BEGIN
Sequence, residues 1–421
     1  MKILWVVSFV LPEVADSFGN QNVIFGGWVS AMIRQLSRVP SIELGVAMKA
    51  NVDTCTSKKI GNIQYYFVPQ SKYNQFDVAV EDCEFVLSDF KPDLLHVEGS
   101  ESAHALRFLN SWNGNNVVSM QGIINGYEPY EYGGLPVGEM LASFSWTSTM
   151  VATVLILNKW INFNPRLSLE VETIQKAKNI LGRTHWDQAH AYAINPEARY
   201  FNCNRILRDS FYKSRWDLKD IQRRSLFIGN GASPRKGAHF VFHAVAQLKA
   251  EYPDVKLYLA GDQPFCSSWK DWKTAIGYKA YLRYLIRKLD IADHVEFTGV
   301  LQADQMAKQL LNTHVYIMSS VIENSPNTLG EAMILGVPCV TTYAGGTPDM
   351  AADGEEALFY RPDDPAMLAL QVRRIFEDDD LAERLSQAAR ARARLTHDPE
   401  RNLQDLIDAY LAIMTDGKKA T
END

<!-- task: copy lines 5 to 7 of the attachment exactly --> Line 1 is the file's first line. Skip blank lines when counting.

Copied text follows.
   151  VATVLILNKW INFNPRLSLE VETIQKAKNI LGRTHWDQAH AYAINPEARY
   201  FNCNRILRDS FYKSRWDLKD IQRRSLFIGN GASPRKGAHF VFHAVAQLKA
   251  EYPDVKLYLA GDQPFCSSWK DWKTAIGYKA YLRYLIRKLD IADHVEFTGV